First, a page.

Sexing (and identifying juvenile) Rough-legged Hawks

It’s that time of year – the “roughies” are here so I thought it might be helpful to review some basics about sexing them and distinguishing juveniles from adults. Interestingly, the Rough-legged Hawk is our only buteo that exhibits true sexual dimorphism so adults can be sexed based on plumage.

 

1/2500, f/7.1, ISO 500, Canon 7D Mark II, Canon EF 500mm f/4L IS II USM + EF 1.4 III Extender, not baited, set up or called in

Three days ago I photographed this adult male Rough-legged Hawk as it flew past me near the Promontory Mountains in Box Elder County. He wasn’t particularly close but I was happy to get the shots because most roughies I see are juveniles (or adult females). I’m not sure why that’s the case but it most definitely is.

I know this bird is an adult because of its very dark brown eye – eyes of juveniles are noticeably lighter colored, either pale brown, light gray or yellow. And I know it’s a male because it’s so dark. The darker colors on adult males are almost blackish but on juveniles of both sexes and adult females those darker colors are brown and buff.

 

 

 

1/5000, f/7.1, ISO 800, Canon 7D, Canon EF 500mm f/4L IS II USM + EF 1.4 III Extender, not baited, set up or called in

This is a defecating adult female – an adult because of the dark eye and a female because her basic plumage color is brown/buff and not blackish.

 

 

1/1600, f/6.3, ISO 500, Canon 7D, Canon EF 500mm f/4L IS USM + EF 1.4 III Extender, not baited, set up or called in

This bird is a juvenile. I know it’s a juvenile because of its light eye but I don’t know its sex at this age. If it’s a male it will turn darker (almost blackish) when it loses its juvenile plumage. The plumage colors of adult females and juveniles of both sexes are similar.

Ok, that’s pretty much it – the basics of sexing adult Roughies and identifying juveniles. However, there are a couple of caveats:

  • These plumage guidelines apply only to light morphs. But only a small percentage of Rough-legged Hawks are dark morphs and I rarely see them so I find the guidelines very useful.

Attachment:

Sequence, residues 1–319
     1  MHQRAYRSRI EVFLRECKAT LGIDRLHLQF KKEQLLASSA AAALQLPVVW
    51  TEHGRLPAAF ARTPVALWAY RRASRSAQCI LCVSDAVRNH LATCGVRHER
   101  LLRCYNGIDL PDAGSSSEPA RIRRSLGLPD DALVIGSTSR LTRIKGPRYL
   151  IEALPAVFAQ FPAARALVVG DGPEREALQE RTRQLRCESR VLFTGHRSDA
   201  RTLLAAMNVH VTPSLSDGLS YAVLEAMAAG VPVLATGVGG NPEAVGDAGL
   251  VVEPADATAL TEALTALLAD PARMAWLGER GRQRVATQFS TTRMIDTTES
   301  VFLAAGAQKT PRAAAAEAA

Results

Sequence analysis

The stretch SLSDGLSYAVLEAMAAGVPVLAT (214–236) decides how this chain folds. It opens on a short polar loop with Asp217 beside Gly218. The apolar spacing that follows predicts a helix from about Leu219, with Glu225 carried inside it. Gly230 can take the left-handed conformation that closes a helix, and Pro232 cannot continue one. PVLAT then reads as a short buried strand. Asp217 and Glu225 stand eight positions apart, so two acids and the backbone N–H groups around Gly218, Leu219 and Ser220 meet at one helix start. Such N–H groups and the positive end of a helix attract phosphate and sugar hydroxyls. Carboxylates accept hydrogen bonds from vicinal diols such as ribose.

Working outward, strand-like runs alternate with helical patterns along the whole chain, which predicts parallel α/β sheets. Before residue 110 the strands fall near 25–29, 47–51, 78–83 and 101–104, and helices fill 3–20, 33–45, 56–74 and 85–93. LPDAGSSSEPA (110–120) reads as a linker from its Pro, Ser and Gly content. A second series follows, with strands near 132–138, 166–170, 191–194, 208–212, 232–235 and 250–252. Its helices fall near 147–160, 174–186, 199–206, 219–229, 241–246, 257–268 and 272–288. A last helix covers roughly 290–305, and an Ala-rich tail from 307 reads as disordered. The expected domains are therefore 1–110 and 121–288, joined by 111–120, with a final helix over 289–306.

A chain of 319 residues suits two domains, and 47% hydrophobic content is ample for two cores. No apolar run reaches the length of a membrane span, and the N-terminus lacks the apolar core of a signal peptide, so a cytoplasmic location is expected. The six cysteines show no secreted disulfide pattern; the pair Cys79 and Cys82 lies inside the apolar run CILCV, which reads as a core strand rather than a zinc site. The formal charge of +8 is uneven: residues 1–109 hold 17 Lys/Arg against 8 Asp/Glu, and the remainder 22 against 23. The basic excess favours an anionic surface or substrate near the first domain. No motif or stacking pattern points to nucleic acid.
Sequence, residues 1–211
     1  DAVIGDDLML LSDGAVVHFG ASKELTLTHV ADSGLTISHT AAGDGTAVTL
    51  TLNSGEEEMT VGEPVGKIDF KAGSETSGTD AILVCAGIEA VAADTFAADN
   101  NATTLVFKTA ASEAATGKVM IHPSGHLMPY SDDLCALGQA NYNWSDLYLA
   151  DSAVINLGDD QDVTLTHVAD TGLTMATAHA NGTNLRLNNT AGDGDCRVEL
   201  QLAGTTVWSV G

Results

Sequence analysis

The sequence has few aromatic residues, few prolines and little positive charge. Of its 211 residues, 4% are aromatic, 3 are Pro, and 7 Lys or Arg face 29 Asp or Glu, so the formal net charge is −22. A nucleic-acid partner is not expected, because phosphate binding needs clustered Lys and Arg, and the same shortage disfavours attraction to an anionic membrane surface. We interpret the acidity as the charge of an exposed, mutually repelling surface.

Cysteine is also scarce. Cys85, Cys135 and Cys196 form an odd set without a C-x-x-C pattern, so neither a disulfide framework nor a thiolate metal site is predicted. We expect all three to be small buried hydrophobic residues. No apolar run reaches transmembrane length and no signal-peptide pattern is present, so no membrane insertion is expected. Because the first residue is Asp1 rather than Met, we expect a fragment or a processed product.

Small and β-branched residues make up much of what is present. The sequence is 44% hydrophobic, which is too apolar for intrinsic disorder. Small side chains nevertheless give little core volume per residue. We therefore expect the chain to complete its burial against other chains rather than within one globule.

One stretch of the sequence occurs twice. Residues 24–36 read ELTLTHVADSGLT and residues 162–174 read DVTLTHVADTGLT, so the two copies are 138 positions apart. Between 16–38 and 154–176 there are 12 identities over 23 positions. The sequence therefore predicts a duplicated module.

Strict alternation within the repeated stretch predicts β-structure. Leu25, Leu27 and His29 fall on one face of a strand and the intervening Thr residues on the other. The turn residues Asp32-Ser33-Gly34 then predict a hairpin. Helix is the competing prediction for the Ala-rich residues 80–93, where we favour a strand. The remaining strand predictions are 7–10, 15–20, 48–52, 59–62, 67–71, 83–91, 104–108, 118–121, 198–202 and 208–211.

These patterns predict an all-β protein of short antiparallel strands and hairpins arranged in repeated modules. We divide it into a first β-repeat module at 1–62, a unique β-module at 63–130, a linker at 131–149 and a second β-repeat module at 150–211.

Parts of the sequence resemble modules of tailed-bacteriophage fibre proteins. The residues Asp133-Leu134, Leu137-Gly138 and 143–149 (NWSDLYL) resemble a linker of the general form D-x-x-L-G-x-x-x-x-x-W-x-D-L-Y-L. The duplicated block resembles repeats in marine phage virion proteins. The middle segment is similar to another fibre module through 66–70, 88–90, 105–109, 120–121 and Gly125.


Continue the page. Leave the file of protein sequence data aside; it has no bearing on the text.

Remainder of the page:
• These are only the basics of sexing roughies. There are several other more subtle plumage differences between adult males and females that experts and experienced birders use to distinguish the sexes. But most of us are far from experts (including me) and I think this is a good start for the rest of us.

Now that Rough-legged Hawks are here for the winter (their winter range includes almost 3/4 of the continental United States) I hope some of my readers will feel encouraged to practice sexing them and distinguishing juveniles from adults.

Ron

 

Ok, now it’s quiz time. Based on what you’ve (hopefully) learned above what do you know (and possibly not know) about the sex and age of the following Rough-legged Hawk?  Don’t scroll down too far below the image before you come up with your answer. I’ll provide the correct answer further below the image. 

 

1/1000, f/8, ISO 500, Canon 7D, Canon EF 500mm f/4L IS USM + EF 1.4 III Extender, not baited, set up or called in

 

 

 

This roughie is a juvenile. We know it’s a juvie because of the light eye. Because it’s a juvie we don’t know its sex.

For what it’s worth I adore this flight pose. The bird was kiting in the wind and raised its head in an effort to look over the nearby raised causeway road to Antelope Island. The last two images are actually of the same bird.

Note: I make no pretensions at being a raptor plumage expert so if I’ve made any errors feel free to correct me.

 

38 comments to Sexing (and identifying juvenile) Rough-legged Hawks

  • Cindy

    Thanks for the great images and information. I especially like the last photo. If I were to give it a caption, the juvie would say, “Look at me, I’m flying!”

  • Debbie

    Thanks Ron! You just helped me identify a large hawk that has been visiting the last few weeks. He comes to a tree a few yards down to wait for me to put bird food out so the pigeons come. I have taught the pigeons well to not come close while he is in the tree. If they are eating when he comes I go out and stand there until he leaves. I know he needs to eat but I would prefer if he not eat in my yard. He is beautiful. I love the last pic of the Julie. He/she looks like he is having fun!

  • Trudy Brooks

    Nice pictures once again. Interesting about the eye colors etc. I am never that close to them to tell if the eyes are light or dark. I guess people with fancy cameras can see the difference. Any way thanks for the education. \

  • Marina schultz

    Beautiful pictures and always learning from Dr. Dudley!! Still no Roughies here counted 22 Redtails today

  • Woo Hoo.
    Computer issues have kept me away for a few days so I am glad to be back.
    And even gladder to answer your quizz correctly, after reading the post.
    I hope your coming months are filled with Roughies.

  • Pat Henson

    Thank you so much for these photos and the information! I’m not sure I have ever seen a photo of a raptor in flight like the last one. I adore it!

  • April Olson

    Beautiful photos and information too. I love the last shot, it is one of my favorites.